Author's note: This is shameless fluff and pure self indulgence. I am mostly not sorry about either of those things.
Bahorel cornered Combeferre and Courfeyrac after a meeting one evening in January. Enjolras had already left, citing a pressing appointment, but the others were still there, lounging in chairs and laughing in the face of the bitter cold that awaited them outside. Smoke filled the room, emerging in curling tendrils from pipes and in heat-filled waves from the roaring fire, before which several students were sprawled in uncanny imitations of cats. None of the lieutenants were among them. Instead the five remaining members of that inner circle sat at a table towards the back of the room, the one to which Bahorel led Combeferre and Courfeyrac. They looked grave despite the bottles prominently displayed on the table; not even Joly wore a smile, though he greeted the newcomers cheerfully enough.
Combeferre and Courfeyrac exchanged glances as they sat. Before either could speak Bahorel asked, "What's wrong with Enjolras?"
Though he had not expected the question, Combeferre could not say it truly surprised him. He sighed. "He spent Christmas with his family. Such visits are always a strain."
"Does he habitually retreat completely from his friends for days at a time?" Feuilly asked, looking genuinely concerned.
"And if he does, why has anyone let him get away with it for so long?" Bahorel added. "Brooding like that can't be healthy."
"It's not," Courfeyrac said with a sigh of his own. "And this time is particularly bad. But Enjolras is quite determined not to infect anyone else with his bad moods."
"So he shuts himself away instead?" Bahorel asked. "Forgive me for saying so, but our fearless leader is quite stupid."
"I think selfless is the term he would prefer," Combeferre said.
Bahorel shook his head. "Doesn't matter what he would prefer. What it is is stupid, and you can tell him I said it."
"I'll be sure to pass the message on next time I see him," Combeferre said, no little dryly.
"When will that be?" Feuilly asked, still looking worried.
Combeferre and Courfeyrac looked at each other. Courfeyrac raised an eyebrow in silent inquiry and Combeferre nodded. "He's at home tonight," Combeferre said. "I can drop by on my way back to my rooms."
"You're sure he'll be there?" Joly asked, leaning forward.
Courfeyrac snorted. "Combeferre knows Enjolras' schedule better than Enjolras does," he said. "He'll be there."
Bahorel nodded. "Excellent. Go knock some sense into him for us."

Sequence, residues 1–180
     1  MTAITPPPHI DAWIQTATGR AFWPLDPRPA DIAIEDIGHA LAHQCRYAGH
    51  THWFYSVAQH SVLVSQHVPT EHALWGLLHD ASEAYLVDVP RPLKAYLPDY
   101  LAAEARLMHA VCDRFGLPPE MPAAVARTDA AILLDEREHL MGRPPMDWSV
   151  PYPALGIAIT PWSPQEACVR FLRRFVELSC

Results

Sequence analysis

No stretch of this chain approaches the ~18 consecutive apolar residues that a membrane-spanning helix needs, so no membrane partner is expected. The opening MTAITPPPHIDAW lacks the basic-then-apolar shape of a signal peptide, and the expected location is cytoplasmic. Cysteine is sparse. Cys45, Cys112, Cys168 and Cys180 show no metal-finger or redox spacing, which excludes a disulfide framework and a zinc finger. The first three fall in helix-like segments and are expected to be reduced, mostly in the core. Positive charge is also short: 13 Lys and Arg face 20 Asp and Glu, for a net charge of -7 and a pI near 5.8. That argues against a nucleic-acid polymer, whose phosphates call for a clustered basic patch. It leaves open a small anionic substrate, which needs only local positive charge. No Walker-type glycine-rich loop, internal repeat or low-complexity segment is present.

"I'll see what I can do," Combeferre said. "Though I suspect I will take those instructions rather less literally than they were intended."
"To each man his own technique," Bahorel said with a shrug. "Whatever it takes to remind our modern Robespierre that he too is only human."
"Knowing Enjolras," Courfeyrac said with a sigh, "the problem is that he's recently become all to aware of that." He shook his head, clasping Combeferre's shoulder. "Let me know if you require assistance."
"I will," Combeferre said, a little absently. He was mentally reviewing the past week, noting all the times Enjolras had slipped away before he could be drawn into conversation or invited along to some activity or other. When he did engage with his friends it was about the republic only, practical matters of planning or strategy rather than anything even a little personal. True, with Enjolras it was sometimes impossible to separate the personal from the political, but this was extreme even for him.
Combeferre rose, picking up his hat and putting it on. "I bid you all good evening," he said, and headed for the door.
He had nearly reached the end of the hallway when a sound behind him made him pause. He turned, finding Grantaire standing awkwardly behind him. "Can I help you?" Combeferre asked, frowning.
"I… good luck. With, you know, getting him to listen to someone and everything." Grantaire's face was twisted into an odd grimace. "And… I hope he's all right."
Combeferre looked at him without speaking for a moment, reminded that, in his own way, Grantaire cared about Enjolras as much as Combeferre himself did. He nodded. "So do I," he said. "Thank you."
Grantaire nodded back, then turned and practically fled towards the back room. Combeferre watched him go then shook his head and continued on his way outside. Grantaire and his oddities were, thankfully, not Combeferre's to solve or manage. Enjolras and his tendency towards self sacrifice, however, were and with that in mind Combeferre hurried out into the street.
Enjolras' door opened almost before Combeferre had stopped knocking. He poked his head out, face lighting up when he saw Combeferre. An instant later his expression had been schooled into a mask of perfect neutrality, a carefully practiced expression that made Combeferre supremely uneasy.
"Can I do something for you?" Enjolras asked.
"May I come in?" Combeferre said.
Enjolras opened the door wider and stepped back, letting Combeferre in. He'd been working; papers were strewn across the desk and surrounding floor, lying on top of half opened books and under a probably stone cold mug of coffee. When Combeferre looked back at Enjolras, he found the unreadable expression still firmly in place.
"I wanted to check in on you," Combeferre said, trying to figure out why Enjolras' manner was making him so uneasy. Something about it felt wrong, but he could not quite pinpoint what. It was not the unreadable expression itself – Enjolras was a master of his facial features when he needed to be, and this was not the first time Combeferre had seen him look like this, though the expression was usually not directed towards him. "We have not had the chance to spend much time together lately, and I wanted to make sure that you were well."
A flicker of something passed across Enjolras' face and was gone before Combeferre could interpret it. "Everything is fine," he said. "I'm sorry if I worried you." He did not quite meet Combeferre's eyes as he spoke.